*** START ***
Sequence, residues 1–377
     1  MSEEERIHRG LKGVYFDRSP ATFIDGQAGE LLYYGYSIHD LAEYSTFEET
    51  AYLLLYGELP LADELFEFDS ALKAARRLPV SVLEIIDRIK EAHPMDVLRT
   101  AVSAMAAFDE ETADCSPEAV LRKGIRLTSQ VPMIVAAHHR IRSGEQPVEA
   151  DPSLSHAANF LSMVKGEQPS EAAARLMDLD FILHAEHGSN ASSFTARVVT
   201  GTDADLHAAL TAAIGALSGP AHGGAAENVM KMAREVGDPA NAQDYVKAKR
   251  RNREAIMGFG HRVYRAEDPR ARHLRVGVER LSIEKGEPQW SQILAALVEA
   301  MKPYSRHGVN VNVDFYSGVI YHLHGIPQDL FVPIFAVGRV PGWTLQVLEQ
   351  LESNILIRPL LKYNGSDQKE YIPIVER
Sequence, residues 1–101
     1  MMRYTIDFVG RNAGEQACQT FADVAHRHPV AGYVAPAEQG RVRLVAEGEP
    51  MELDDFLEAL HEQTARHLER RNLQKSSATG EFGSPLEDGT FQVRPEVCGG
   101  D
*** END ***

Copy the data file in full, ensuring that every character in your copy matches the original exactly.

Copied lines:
Sequence, residues 1–377
     1  MSEEERIHRG LKGVYFDRSP ATFIDGQAGE LLYYGYSIHD LAEYSTFEET
    51  AYLLLYGELP LADELFEFDS ALKAARRLPV SVLEIIDRIK EAHPMDVLRT
   101  AVSAMAAFDE ETADCSPEAV LRKGIRLTSQ VPMIVAAHHR IRSGEQPVEA
   151  DPSLSHAANF LSMVKGEQPS EAAARLMDLD FILHAEHGSN ASSFTARVVT
   201  GTDADLHAAL TAAIGALSGP AHGGAAENVM KMAREVGDPA NAQDYVKAKR
   251  RNREAIMGFG HRVYRAEDPR ARHLRVGVER LSIEKGEPQW SQILAALVEA
   301  MKPYSRHGVN VNVDFYSGVI YHLHGIPQDL FVPIFAVGRV PGWTLQVLEQ
   351  LESNILIRPL LKYNGSDQKE YIPIVER
Sequence, residues 1–101
     1  MMRYTIDFVG RNAGEQACQT FADVAHRHPV AGYVAPAEQG RVRLVAEGEP
    51  MELDDFLEAL HEQTARHLER RNLQKSSATG EFGSPLEDGT FQVRPEVCGG
   101  D